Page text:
Alumasc Group (ALU)

 

Share Sleuth: Pension debt is a red flag for investors

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Share Sleuth: Pension debt is a red flag for investors

Last month, I promised to consider adding more shares in Alumasc (ALU) to the Share Sleuth portfolio. The portfolio already has a small holding in the company, which designs, manufactures and supplies building products. I think it's a good business that may have found a way of operating profitably in a capricious industry, and that the shares trade at a reasonable valuation.

In fact, I was all set to add to the portfolio's holding – and then I bottled it. My decision had nothing to do with the business itself. Alumasc supplies the construction industry, which tends to go through cycles of expansion followed by painful contraction in which many companies make heavy losses or even go bust.

Alumasc was last tested during the multi-year slump that followed the financial crisis a decade ago; although profit from building products was less than half its 2009 peak during the three years following the crisis, the group pulled through without making a loss.

I think it avoided losses because it's a diverse group of businesses split into four divisions: solar shading and architectural screening, roofing and walling, water management, and housebuilding products. It supplies a wide range of products, in other words, that are used in different kinds of building and installed at different phases of the construction cycle for different kinds of customer: public, private, commercial and residential. Many of these products, it says, are premium, market-leading brands.

Levolux solar shading, for example, is used on large office blocks, hospitals and colleges and is often one of the last things to be completed in a building project. Alumasc also sells external wall insulation, often used to make existing social and private housing developments more energy-efficient – business that is not as closely tied to the construction cycle.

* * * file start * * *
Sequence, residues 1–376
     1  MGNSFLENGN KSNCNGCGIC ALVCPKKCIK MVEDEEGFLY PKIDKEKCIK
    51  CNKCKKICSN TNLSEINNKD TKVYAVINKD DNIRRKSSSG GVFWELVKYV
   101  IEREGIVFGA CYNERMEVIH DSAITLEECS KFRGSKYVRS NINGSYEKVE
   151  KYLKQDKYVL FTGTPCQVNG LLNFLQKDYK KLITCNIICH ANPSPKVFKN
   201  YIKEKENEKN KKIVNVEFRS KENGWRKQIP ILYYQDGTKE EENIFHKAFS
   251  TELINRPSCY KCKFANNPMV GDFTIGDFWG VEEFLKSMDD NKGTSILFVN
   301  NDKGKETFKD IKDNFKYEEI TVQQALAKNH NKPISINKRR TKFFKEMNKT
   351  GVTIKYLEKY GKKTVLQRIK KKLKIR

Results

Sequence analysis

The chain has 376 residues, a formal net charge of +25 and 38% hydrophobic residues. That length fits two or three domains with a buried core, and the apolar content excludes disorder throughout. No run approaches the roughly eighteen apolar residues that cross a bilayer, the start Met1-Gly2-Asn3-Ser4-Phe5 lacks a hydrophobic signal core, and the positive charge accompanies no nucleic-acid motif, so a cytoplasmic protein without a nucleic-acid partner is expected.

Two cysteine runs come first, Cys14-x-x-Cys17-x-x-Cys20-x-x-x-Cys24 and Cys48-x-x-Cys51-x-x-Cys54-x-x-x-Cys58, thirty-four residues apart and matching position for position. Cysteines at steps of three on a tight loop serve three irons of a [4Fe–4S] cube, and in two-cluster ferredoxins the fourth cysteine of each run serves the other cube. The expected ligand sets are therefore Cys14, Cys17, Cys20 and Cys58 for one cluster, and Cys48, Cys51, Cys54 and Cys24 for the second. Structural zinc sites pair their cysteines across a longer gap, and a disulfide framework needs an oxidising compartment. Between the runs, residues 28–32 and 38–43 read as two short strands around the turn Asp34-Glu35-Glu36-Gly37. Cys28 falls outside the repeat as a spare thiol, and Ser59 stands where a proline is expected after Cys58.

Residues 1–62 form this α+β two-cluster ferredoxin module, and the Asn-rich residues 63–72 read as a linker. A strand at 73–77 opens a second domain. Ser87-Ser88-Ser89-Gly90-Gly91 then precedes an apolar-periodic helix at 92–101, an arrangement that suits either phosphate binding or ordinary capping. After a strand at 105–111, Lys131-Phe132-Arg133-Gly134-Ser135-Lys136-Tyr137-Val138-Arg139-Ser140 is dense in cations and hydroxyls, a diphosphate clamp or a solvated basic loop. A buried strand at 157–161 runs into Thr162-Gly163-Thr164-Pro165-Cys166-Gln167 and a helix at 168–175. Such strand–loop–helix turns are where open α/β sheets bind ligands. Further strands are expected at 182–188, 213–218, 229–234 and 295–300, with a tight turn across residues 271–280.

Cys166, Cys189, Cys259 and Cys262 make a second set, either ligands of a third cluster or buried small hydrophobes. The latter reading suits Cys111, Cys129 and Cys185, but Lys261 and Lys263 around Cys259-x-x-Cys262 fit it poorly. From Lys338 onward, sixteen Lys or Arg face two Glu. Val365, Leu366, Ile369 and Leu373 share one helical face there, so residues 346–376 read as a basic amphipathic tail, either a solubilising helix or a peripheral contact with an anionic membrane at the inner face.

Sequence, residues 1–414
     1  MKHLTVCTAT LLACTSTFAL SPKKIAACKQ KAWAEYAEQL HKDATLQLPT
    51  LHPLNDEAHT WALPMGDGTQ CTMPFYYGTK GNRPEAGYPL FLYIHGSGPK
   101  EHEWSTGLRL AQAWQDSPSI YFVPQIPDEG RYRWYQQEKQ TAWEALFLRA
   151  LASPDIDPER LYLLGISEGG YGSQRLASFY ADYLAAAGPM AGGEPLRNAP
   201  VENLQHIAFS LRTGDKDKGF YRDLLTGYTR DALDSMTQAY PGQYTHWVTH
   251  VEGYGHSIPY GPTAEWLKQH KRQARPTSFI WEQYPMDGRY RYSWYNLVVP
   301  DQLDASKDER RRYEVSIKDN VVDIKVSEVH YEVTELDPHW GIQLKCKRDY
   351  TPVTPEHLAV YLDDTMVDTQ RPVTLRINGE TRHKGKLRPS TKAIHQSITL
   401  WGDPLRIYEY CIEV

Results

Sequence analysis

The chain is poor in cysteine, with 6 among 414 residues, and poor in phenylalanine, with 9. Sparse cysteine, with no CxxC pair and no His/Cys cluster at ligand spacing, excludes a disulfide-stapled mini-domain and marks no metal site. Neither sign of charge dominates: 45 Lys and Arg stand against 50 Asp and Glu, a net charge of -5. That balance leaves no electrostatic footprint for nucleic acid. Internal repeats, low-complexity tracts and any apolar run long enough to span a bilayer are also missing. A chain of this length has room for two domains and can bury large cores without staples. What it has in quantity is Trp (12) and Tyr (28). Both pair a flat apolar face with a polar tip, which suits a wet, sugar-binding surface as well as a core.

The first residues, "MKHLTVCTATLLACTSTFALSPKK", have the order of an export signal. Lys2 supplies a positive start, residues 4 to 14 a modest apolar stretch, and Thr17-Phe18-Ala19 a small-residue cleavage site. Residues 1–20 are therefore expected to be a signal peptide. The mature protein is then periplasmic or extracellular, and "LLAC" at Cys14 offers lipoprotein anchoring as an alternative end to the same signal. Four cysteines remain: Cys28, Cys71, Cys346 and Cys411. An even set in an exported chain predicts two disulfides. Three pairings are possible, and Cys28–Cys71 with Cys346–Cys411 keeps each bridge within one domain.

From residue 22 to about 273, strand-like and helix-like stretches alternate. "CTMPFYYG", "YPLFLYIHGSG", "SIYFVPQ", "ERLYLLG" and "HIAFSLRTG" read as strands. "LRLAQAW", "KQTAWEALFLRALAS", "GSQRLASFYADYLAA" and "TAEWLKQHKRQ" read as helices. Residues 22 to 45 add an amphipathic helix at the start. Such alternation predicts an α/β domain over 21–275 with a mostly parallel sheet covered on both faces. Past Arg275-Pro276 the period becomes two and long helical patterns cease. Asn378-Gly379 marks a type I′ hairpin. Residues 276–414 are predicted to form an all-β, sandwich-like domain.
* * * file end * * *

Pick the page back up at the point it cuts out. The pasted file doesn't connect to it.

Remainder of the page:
Timloc, Alumasc's housebuilding products brand, manufactures and sells products that go into houses as they are built – components for cavity walls, vents and loft hatches. While all of these businesses felt the impact of the slump, they experienced it most forcefully at different times, allowing the group as a whole to muddle through.

Today we're in a different position. All four divisions are humming along, earning healthy operating profit margins of between 10 and 15%. Having doubled export sales last year, the company is expanding its Levolux sales force in the US to capitalise on a building boom.

Alumasc outsources much of the manufacturing and uses third-party installers, so it doesn't need as much money tied up in factories, machinery and vehicles as you might think, which means return on capital in the year to June 2017 was 26%, surprisingly high for such a prosaic business. Revenue and profit were at record levels, and although subsequent half-year results showed modest declines compared to the same period in the previous year, Alumasc thinks price rises on its popular brands and a surge in revenue from Levolux will allow it to make good the deficit.

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A share price of 172p values the enterprise at £89 million, about 12 times adjusted profit – a modest valuation. Even Alumasc's directors have bought shares recently. The stars are aligned. So why not add more shares to the portfolio?

Alumasc is a good business that owes a lot of money to its two defined benefit pension schemes. This means that a substantial proportion of profit that would otherwise be available for dividends or investment is being diverted into the pension fund, and while the company appears to be very profitable, shareholders are not getting all the benefit.

While it's possible to factor the cost of repaying the pension deficit into the valuation, I can't do it with much certainty. I think the shares are good value, but the pension schemes mean I have less confidence in my calculations, so I'm cautious, content to hold 2% of the value of portfolio in Alumasc, but not to add more.

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This article was originally published in our sister magazine Money Observer. Click here to subscribe.

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